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cadet blogs

On Taking Advice from Strange Cadets on the Internet

(Choosing the Coast Guard Academy, The Cadet Experience, Class of 2020) Permanent link   All Posts
Swift Photo Cadet blogs were my first experiences with the CGA, really. I can remember, before I had even decided to come to the Academy, my mom and I would read the cadet blogs. We had discovered the blogs, sitting innocuously on the left side of the CGA webpage, innocently enough. There was a picture of a smiling cadet and an intriguing tagline. It drew us in. Those cadets became the face of the Academy. When the pressure to decide on a college got pretty intense, I tried very hard to stick my head in the sand, and any conversation between my mom and I went about like this:

 

Mom: “So, where are you going to college?”

 

Me: “I don’t know. I think I’m joining the circus. Leave me to my existential dread.”

 

Mom: “You should read this cadet blog…and maybe go for a run.”

 

Me: “MOTHER. EXISTENTIAL DREAD TIME. NO DECISIONS ALLOWED.”

 

In a way, I think my life was pretty influenced by those blogs – and the advice of the bloggers. Swab Summer would’ve been vastly different had I not known what little I did about the Academy. This place pretty much runs on cadet advice, firstie to fourth class and all in between. More than anything though, the blogs gave my family and I the peace of mind that we needed; these were living, breathing cadets who lived and breathed their way through Swab Summer and turned out just fine.

 

Though my summer was rough, and switching from “swab mode” to “student mode” is confusing for most all fourth class, the advice of people who’ve been in our shoes gets us through. From tips and tricks on how to wear the uniform, to how to avoid getting in major trouble, upper class cadets run the show and run it well. They look out for us, and look out for each other, too. I know parents always told us not to listen to strangers on the internet (and that was actually excellent advice), but I’m glad that I did in the case of cadet blogs. It’s strange to think that I was taking cadets’ advice long before I ever met them – before I could’ve ever imagined that I would be living a few doors down from them – before I considered them siblings.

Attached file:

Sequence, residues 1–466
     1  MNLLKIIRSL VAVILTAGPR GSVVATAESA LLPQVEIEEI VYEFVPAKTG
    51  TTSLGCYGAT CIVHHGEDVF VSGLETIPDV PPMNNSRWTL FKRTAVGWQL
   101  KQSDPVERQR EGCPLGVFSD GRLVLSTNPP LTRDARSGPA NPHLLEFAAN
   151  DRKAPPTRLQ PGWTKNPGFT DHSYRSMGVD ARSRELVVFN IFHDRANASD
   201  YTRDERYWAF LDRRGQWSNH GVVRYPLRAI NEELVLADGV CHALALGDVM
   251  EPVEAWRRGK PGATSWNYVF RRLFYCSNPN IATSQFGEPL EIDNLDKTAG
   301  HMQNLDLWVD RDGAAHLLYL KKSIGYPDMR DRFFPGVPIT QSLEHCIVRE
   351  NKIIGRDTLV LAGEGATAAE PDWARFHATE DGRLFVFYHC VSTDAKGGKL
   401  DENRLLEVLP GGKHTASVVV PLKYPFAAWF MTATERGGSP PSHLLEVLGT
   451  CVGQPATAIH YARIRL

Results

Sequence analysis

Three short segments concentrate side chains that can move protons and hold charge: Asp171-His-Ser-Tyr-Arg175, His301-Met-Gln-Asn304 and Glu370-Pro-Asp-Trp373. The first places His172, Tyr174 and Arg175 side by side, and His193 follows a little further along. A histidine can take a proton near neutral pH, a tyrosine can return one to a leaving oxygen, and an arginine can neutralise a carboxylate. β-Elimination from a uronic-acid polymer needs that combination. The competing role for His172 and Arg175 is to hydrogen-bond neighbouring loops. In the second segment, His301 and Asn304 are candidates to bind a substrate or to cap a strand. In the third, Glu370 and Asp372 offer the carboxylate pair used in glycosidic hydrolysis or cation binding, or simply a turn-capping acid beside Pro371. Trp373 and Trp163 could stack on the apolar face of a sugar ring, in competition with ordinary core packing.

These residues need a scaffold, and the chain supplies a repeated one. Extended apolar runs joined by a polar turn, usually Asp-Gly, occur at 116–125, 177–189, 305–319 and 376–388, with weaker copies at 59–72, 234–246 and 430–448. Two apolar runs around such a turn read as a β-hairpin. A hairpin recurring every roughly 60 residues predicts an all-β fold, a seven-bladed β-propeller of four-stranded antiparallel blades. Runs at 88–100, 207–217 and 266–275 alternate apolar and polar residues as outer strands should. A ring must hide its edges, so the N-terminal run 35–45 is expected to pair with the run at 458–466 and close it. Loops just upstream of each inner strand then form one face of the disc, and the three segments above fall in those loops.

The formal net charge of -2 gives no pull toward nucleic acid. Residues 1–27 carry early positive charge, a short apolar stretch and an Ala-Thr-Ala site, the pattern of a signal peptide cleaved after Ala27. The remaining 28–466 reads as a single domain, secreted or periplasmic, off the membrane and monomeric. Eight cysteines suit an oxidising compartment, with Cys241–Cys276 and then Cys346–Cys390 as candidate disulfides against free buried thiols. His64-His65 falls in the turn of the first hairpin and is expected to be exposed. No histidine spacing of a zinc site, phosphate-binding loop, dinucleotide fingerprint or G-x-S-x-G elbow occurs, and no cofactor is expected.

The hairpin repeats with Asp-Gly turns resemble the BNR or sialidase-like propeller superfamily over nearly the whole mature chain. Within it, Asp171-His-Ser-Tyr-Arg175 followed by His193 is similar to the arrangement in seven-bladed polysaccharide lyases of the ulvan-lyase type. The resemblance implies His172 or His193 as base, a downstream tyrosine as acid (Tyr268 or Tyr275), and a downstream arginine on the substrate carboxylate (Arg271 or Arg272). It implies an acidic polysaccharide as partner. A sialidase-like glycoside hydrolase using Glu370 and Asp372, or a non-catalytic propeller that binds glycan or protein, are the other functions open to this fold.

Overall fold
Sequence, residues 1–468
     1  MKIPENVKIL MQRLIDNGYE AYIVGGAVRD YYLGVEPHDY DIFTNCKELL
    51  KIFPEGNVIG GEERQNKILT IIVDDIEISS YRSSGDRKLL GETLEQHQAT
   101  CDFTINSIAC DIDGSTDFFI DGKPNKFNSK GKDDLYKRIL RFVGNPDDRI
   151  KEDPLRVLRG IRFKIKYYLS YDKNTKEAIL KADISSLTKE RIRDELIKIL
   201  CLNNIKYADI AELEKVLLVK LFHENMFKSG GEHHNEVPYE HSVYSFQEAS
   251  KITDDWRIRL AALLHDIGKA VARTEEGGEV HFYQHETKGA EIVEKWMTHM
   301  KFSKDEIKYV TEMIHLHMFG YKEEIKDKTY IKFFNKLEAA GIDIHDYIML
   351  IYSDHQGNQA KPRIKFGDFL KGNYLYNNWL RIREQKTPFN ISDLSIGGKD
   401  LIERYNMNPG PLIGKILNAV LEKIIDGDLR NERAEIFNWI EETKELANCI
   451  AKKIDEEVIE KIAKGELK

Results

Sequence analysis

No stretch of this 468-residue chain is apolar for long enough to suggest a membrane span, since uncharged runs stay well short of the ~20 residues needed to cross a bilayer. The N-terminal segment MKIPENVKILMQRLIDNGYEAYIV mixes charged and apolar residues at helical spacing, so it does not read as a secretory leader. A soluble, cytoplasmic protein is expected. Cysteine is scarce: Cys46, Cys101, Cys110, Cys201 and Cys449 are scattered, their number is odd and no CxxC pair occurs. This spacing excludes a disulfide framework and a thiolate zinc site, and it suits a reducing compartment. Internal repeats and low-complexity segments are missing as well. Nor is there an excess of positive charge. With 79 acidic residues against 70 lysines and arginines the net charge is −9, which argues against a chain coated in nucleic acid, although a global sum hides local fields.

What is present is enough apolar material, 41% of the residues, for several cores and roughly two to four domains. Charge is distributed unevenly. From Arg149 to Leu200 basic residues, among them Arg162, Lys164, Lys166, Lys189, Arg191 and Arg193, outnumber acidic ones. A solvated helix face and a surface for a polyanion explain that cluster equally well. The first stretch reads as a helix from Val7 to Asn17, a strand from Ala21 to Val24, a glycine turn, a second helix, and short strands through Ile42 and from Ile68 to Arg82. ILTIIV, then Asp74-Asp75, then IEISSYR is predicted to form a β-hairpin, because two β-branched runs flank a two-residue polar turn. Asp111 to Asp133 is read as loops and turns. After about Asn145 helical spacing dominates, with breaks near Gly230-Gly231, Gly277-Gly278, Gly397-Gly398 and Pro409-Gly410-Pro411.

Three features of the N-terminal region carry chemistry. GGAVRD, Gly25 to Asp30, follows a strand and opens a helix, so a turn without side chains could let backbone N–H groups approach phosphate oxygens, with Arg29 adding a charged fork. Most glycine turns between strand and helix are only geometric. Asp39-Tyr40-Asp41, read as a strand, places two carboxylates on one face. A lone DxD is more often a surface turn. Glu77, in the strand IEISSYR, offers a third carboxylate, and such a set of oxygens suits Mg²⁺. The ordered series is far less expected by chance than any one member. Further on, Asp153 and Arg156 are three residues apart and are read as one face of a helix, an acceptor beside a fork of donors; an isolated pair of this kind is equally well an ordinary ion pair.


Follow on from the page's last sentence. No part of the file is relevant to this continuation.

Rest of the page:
I wholeheartedly believe that the Corps of Cadets is a family. Sure, siblings squabble, but I have seen them come together and it’s a powerful force. Cadets can do anything when they put their heart into it, whether that be finding harmless loopholes in the wardroom rules or getting a struggling fourth class through a tough academic semester. Remarkably, their kindness isn’t reserved just for cadets – it extends to CGA families, to potential cadets, and to anyone they meet. We’re the Coast Guard, a family who makes it their mission to help where they’re needed most. Blogging might be the one small way in which I can lend a hand, like the advice prior blogs helped me. Even if I am just a cadet on the internet.

 

P.S. You can trust me. I’ve had a background check!

 

More about Delaney.